In the basement of the library at the Lewis Ginter Botanical Garden, a team of people — mostly retired men and women but also young adults — builds displays for this year's Dominion Energy GardenFest of Lights, "Naturally Ever After: Stories in Lights."
Over the course of 10 months, 300 volunteers check every light, build metal armatures, recycle organic materials from the garden, help brainstorm each year's theme, and install the final vignettes under the supervision of exhibitions manager Kristin Thoroman and operating manager Justin Brown.
Like many of those who visit the light display each year, volunteering is often a family affair. Bob Lincoln of Henrico has been volunteering for more than a decade and became seriously involved in GardenFest after retiring. He is building an armature for Humpty Dumpty while his wife works across the room gluing dried flowers; Lincoln's daughter also volunteers.
This year's theme features three-dimensional interpretations of well-known fairy tales, mythologies and classic books. Stories include Shel Silverstein's "The Giving Tree," depicted by an inviting Darlington oak tree, which will be covered in 16,000 lights – and not be cut down. Also included are Jack and the Beanstalk, featuring a 12-foot tall giant and a 70-foot tall loblolly pine tree wrapped in lights from top to bottom as the stalk, and the Origin of the Orchids, a New Zealand folk tale that will include a rainbow of orchids.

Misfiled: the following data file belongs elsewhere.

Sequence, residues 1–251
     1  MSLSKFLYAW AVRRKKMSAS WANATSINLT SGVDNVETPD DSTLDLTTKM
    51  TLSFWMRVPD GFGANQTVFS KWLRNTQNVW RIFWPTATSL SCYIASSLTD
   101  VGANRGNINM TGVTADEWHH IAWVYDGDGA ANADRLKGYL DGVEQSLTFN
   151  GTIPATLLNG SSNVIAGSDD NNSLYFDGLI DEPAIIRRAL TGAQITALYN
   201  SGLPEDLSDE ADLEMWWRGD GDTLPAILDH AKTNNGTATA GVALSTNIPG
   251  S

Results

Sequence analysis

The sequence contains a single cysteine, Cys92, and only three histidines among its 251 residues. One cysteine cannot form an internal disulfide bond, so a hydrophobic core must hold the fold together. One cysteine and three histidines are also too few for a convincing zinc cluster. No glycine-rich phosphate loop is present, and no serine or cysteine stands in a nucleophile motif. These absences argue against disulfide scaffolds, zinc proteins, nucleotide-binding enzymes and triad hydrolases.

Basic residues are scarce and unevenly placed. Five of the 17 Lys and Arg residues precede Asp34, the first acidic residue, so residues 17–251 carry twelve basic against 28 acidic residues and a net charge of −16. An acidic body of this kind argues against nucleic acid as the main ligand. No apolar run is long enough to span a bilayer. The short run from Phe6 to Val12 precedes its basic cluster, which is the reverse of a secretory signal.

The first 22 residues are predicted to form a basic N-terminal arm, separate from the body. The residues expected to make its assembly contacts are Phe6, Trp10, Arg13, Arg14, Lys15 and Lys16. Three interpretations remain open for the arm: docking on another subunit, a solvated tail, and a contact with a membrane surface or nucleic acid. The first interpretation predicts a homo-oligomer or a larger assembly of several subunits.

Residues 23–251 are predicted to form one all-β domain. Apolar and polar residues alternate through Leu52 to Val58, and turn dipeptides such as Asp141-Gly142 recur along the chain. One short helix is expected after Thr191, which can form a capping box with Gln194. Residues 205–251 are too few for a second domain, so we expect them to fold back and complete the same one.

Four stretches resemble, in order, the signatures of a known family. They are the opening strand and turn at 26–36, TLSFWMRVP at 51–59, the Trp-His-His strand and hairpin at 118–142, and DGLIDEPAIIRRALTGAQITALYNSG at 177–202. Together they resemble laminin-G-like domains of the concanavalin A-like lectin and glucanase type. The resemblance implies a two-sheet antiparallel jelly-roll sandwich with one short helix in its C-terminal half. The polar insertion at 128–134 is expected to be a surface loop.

Other new installations for this year include a room-sized igloo in the children's garden made from repurposed milk jugs that have been collected from visitors and a night of live storytelling by the local group, Secretly Y'all.
Inspired by the light display at the Riverbanks Zoo in Columbia, South Carolina, GardenFest of Lights began in 1995 as the brainchild of then-Executive Director Frank Robinson and then-public relations manager Elizabeth Daniel Bickford. They wanted to drive attendance to the garden during the winter, a period of low visitation. Each year introduces a new theme, though returning visitors can still see what Thoroman refers to as fan favorites, reworked annually, including train displays, a wolf that appears to be running, and a peacock whose tail will serve as a tunnel in "Naturally Ever After: Stories in Lights."
Even though the numbers associated with the event are staggering — more than 500,000 lights and 90,000 expected visitors — GardenFest is just another way to engage the community with the garden and the natural world around them. Beth Monroe, current public relations and marketing director, explains that this event, like all of the exhibitions at Lewis Ginter, is meant to "connect people through plants to improve communities."
Thoroman agrees: "Anytime people walk through the door, we want them to have an experience that connects them to the garden and makes them want to come back over and over again. Then we sneak in the educational component that teaches them the importance of the natural world and the connection between people and plants." S
Dominion Energy GardenFest of Lights at Lewis Ginter Botanical Gardens opens Nov. 24 and runs through Jan. 8. For information see lewisginter.org.